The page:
If you plan to claim a deduction for Expenses for Business Use of Your Home (home office expense) on your tax return, you need a reliable method to calculate your deductible utility costs. IRS rules require that you separate utility expenses that apply to only the residential portions of your home (such as cooking gas or electricity used by your refrigerator) from those that pertain to the entire property. Only the latter type can qualify as home workspace expenses.
For example, if your cooking range, water heater and furnace all run on natural gas, you may need to figure out the gas cost associated specifically with heating your home. One way to do this is to average your gas bills from summer months when you did not use heat. This average shows how much of your gas bill is attributable to your range and water heater. By subtracting this amount from your gas bill for every month, you can calculate how much money you spent specifically on heat during the year. You may then be able to deduct a portion of this total as a home office utilities expense, based on the area of your workspace.
An experienced tax pro can give you other ideas for tracking and calculating the allowed utility costs associated with your home office. The IRS does not require perfect accuracy, but your calculation methods must be logical, reasonable and based on written evidence such as monthly utility bills.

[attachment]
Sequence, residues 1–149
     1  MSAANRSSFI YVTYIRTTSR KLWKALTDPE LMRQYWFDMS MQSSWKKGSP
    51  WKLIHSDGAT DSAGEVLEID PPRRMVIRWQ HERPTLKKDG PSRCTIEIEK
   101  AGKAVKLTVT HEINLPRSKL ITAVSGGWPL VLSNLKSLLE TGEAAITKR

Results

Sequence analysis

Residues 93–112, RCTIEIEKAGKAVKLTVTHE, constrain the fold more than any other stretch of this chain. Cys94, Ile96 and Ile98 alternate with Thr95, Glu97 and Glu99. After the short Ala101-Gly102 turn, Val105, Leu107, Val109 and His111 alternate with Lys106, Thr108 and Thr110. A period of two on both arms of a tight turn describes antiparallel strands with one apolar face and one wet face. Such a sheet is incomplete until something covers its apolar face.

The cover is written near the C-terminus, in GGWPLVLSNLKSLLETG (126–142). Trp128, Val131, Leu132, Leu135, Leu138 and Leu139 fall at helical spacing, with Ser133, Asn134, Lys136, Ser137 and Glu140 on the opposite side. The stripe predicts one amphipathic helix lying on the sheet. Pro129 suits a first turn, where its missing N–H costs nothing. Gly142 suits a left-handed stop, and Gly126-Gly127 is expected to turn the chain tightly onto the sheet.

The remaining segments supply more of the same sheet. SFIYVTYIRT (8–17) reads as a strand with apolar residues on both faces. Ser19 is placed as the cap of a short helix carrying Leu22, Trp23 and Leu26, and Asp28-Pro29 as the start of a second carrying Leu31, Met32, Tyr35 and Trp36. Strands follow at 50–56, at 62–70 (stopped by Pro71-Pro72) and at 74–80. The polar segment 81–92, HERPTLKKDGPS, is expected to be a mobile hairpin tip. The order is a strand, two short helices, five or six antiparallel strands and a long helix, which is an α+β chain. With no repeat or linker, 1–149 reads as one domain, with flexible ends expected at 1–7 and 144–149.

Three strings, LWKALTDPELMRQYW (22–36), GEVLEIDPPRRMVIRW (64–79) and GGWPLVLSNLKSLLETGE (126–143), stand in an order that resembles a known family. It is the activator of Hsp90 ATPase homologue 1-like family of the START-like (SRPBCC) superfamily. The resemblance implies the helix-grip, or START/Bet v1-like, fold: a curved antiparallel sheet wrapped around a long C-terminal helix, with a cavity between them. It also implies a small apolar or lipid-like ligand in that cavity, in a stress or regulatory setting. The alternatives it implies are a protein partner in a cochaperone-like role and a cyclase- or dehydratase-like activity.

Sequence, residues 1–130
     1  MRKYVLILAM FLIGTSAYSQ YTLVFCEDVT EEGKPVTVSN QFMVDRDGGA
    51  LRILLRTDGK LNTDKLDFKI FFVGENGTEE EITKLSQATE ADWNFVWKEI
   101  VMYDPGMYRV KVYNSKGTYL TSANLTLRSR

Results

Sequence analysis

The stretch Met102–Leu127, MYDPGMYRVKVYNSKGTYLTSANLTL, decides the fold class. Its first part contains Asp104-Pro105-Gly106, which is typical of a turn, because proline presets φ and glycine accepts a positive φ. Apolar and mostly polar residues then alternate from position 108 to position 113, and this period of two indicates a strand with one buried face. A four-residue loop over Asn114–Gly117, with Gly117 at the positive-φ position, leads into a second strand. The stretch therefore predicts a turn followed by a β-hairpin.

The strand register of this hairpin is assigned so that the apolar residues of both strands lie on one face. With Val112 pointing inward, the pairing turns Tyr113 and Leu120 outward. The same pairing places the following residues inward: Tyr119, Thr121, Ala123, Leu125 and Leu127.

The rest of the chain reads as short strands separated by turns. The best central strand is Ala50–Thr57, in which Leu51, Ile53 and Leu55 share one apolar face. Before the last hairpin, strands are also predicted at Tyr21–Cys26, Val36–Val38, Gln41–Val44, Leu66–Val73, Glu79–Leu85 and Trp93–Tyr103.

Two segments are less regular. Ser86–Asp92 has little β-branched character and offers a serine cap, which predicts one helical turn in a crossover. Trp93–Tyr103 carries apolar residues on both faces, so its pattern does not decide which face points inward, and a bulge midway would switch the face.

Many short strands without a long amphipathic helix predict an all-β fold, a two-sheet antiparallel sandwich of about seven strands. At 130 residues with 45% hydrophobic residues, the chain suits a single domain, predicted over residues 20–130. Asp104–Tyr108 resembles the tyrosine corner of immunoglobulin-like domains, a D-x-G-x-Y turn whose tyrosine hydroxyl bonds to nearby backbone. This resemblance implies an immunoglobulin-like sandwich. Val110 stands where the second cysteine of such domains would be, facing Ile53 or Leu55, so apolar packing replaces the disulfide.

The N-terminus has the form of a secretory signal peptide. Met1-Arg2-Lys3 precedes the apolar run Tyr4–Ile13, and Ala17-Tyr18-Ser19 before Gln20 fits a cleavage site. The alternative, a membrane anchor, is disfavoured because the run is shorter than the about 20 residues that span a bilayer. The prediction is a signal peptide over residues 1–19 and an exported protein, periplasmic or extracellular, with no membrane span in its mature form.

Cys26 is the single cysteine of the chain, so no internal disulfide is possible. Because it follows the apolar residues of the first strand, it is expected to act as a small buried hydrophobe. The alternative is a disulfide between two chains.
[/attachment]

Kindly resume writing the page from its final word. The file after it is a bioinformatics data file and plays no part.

Christina Villeneuve, CPA has been helping her clients implement tax saving strategies for over 30 years. Her practice specializes in tax planning and tax preparation for high net worth individuals as well as representation before the IRS and state tax authorities when the need arises.
Over the years, Christina has worked with thousands of clients and strives to give her clients the highest level of customer service and personal touch which has resulted in a very loyal client base. Although she has worked with many small business customers spanning a variety of industries [retail, construction, medical, commercial real estate, and publishing to name a few], her highest satisfaction comes from her individual  client base, strategically working together to minimize their tax liability.
American Institute of Certified Public Accountants
Virginia Society of CPA's
National Association of Tax Professionals
National Society of Tax Professionals
Northern Chapter of the VSCPA's
Professional Tax & Accounting Services for Individuals & Small Businesses